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Influence of injury and cytokines on synthesis of monocyte chemoattractant protein-1 mRNA in peripheral nervous tissue


: Professor Peter M. Richardson, Academic Department of Neurosurgery, The Royal London Hospital, London E1 1BB, UK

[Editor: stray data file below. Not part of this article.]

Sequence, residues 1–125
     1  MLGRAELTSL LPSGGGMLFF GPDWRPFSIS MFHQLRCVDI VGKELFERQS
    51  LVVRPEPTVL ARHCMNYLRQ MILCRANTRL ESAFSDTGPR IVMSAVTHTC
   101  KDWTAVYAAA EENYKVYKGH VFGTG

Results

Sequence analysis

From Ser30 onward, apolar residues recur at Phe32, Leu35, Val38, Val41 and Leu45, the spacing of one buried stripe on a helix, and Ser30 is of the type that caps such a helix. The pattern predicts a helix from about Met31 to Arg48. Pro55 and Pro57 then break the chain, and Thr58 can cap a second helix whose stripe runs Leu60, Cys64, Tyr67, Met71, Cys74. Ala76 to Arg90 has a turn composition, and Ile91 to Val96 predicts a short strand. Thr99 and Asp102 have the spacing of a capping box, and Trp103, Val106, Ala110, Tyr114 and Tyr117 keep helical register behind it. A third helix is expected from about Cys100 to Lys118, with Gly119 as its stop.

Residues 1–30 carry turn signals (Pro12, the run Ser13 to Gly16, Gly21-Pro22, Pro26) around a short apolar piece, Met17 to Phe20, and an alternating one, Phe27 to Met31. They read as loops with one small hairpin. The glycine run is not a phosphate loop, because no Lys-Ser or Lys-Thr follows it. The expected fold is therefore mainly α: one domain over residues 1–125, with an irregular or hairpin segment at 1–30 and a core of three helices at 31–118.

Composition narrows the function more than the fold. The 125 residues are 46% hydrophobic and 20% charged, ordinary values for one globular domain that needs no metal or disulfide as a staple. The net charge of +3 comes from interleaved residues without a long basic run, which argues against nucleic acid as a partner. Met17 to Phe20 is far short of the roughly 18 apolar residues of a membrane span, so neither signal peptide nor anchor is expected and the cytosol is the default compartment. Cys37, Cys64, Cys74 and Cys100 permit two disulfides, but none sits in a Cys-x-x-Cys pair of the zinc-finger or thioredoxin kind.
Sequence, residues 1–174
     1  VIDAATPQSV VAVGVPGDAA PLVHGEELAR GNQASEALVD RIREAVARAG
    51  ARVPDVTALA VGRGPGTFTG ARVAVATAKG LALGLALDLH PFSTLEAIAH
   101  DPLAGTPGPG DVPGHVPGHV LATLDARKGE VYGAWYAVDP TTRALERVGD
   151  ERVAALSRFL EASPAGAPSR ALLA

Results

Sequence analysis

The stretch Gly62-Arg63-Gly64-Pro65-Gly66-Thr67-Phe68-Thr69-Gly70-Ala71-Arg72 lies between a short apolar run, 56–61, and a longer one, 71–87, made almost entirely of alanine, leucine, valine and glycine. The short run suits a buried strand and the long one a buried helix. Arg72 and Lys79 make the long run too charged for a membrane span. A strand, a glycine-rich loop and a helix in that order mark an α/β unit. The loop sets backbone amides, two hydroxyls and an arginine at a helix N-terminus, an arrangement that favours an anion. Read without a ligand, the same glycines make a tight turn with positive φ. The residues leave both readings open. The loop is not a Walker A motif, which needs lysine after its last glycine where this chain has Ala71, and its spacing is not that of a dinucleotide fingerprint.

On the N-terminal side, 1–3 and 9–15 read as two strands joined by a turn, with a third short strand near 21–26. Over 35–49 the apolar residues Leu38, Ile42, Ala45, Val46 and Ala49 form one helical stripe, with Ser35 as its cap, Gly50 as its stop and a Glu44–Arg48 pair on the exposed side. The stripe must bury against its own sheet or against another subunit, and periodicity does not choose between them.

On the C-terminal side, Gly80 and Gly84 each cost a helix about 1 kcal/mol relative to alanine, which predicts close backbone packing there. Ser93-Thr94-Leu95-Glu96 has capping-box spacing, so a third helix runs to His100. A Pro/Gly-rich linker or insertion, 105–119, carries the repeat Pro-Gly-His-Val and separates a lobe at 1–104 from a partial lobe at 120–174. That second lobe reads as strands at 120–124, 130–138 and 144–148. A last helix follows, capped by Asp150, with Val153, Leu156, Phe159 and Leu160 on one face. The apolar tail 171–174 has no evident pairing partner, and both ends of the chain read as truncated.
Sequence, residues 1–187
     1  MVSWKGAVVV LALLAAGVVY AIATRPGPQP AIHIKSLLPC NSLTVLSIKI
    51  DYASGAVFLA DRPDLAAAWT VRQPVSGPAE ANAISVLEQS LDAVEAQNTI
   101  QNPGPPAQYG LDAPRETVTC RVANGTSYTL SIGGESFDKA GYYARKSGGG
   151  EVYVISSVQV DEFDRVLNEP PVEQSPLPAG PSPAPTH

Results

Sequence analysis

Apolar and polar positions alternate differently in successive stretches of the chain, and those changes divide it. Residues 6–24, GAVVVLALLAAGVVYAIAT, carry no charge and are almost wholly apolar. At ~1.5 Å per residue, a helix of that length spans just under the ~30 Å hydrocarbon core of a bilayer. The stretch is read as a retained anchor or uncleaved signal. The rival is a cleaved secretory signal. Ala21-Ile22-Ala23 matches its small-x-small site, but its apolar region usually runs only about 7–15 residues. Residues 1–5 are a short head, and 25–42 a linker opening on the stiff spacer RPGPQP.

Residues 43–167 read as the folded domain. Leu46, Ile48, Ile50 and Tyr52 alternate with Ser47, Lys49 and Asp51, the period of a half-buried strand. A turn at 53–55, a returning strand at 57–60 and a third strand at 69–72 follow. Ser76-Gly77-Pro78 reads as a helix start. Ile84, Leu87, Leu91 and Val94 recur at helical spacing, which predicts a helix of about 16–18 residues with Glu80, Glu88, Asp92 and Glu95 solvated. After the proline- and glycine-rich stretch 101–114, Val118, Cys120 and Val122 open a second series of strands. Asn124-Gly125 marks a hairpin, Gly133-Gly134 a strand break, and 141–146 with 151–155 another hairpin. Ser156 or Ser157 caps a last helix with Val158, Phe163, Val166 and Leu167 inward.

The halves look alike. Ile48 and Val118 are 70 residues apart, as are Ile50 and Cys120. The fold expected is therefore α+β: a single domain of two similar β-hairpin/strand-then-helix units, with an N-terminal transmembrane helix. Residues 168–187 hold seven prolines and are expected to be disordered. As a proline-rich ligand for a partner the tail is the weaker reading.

The signals and the source of the signals for monocyte/macrophage entry into the injured peripheral nervous tissue are not yet defined. This study was undertaken to determine the distribution of the chemokine monocyte chemoattractant protein-1 mRNA in injured rat and mouse nerves and to investigate the mechanisms that regulate its synthesis in rat Schwann cells. Results from RNase protection assays showed that, following sciatic nerve transection in rats, mRNA for monocyte chemoattractant protein-1 was induced at the site of lesion within 3 h of surgery and in more distal segments from 24 h for at least 8 days. In cultured Schwann cells, tumour necrosis factor-α but not interleukin-1β, interleukin-6, transforming growth factor-β1, platelet-derived growth factor-BB or nerve growth factor induced monocyte chemoattractant protein-1 mRNA in a time- and dose-dependent fashion. The induction of monocyte chemoattractant protein-1 mRNA in Schwann cells treated with tumour necrosis factor-α was reduced by inhibitors of nuclear factor-κB and the p38 mitogen-activated protein kinase. In mice that lack the two receptors for tumour necrosis factor, the message for JE, a murine homologue of monocyte chemoattractant protein-1, was still induced within 6 h of injury at the lesion site. However, in more distal segments 4 days after transection the concentration of JE mRNA was lower than that of control mice. Tumor necrosis factor-α is the only cytokine that was shown to induce monocyte chemoattractant protein-1 mRNA in cultured Schwann cells and is one of the factors that regulate the synthesis of monocyte chemoattractant protein-1 in injured nerves.